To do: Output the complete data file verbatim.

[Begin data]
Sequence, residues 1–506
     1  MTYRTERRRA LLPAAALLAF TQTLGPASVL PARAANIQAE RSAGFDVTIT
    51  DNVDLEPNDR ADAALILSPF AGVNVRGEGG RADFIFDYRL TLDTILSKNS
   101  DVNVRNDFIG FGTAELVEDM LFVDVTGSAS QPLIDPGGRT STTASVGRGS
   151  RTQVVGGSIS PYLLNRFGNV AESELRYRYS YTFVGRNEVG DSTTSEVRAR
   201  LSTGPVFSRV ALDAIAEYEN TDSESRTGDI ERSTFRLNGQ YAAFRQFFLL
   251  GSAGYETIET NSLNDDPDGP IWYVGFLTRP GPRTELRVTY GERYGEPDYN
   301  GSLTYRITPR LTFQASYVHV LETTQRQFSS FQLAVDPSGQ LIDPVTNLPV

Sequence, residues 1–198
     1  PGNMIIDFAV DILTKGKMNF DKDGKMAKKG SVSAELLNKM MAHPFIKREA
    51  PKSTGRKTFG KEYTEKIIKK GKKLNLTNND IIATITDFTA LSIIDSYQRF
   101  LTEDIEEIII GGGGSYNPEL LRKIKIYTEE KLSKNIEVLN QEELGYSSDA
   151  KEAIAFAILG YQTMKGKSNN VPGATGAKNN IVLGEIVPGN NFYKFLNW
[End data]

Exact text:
Sequence, residues 1–506
     1  MTYRTERRRA LLPAAALLAF TQTLGPASVL PARAANIQAE RSAGFDVTIT
    51  DNVDLEPNDR ADAALILSPF AGVNVRGEGG RADFIFDYRL TLDTILSKNS
   101  DVNVRNDFIG FGTAELVEDM LFVDVTGSAS QPLIDPGGRT STTASVGRGS
   151  RTQVVGGSIS PYLLNRFGNV AESELRYRYS YTFVGRNEVG DSTTSEVRAR
   201  LSTGPVFSRV ALDAIAEYEN TDSESRTGDI ERSTFRLNGQ YAAFRQFFLL
   251  GSAGYETIET NSLNDDPDGP IWYVGFLTRP GPRTELRVTY GERYGEPDYN
   301  GSLTYRITPR LTFQASYVHV LETTQRQFSS FQLAVDPSGQ LIDPVTNLPV

Sequence, residues 1–198
     1  PGNMIIDFAV DILTKGKMNF DKDGKMAKKG SVSAELLNKM MAHPFIKREA
    51  PKSTGRKTFG KEYTEKIIKK GKKLNLTNND IIATITDFTA LSIIDSYQRF
   101  LTEDIEEIII GGGGSYNPEL LRKIKIYTEE KLSKNIEVLN QEELGYSSDA
   151  KEAIAFAILG YQTMKGKSNN VPGATGAKNN IVLGEIVPGN NFYKFLNW